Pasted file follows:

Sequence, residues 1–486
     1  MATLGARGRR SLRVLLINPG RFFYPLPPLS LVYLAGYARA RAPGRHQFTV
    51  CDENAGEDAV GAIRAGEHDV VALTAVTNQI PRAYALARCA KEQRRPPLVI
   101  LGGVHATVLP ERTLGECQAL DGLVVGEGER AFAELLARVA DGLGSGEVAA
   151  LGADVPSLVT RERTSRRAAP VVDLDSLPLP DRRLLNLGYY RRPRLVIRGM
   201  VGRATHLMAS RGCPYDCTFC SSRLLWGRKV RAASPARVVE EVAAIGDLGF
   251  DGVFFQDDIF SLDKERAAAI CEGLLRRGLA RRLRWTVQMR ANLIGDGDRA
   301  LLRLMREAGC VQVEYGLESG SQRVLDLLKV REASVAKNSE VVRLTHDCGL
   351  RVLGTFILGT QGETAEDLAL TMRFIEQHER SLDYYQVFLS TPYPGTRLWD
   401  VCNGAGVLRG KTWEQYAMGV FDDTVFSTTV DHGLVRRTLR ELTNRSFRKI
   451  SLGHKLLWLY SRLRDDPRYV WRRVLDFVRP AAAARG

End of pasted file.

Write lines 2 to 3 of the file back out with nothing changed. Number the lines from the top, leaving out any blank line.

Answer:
     1  MATLGARGRR SLRVLLINPG RFFYPLPPLS LVYLAGYARA RAPGRHQFTV
    51  CDENAGEDAV GAIRAGEHDV VALTAVTNQI PRAYALARCA KEQRRPPLVI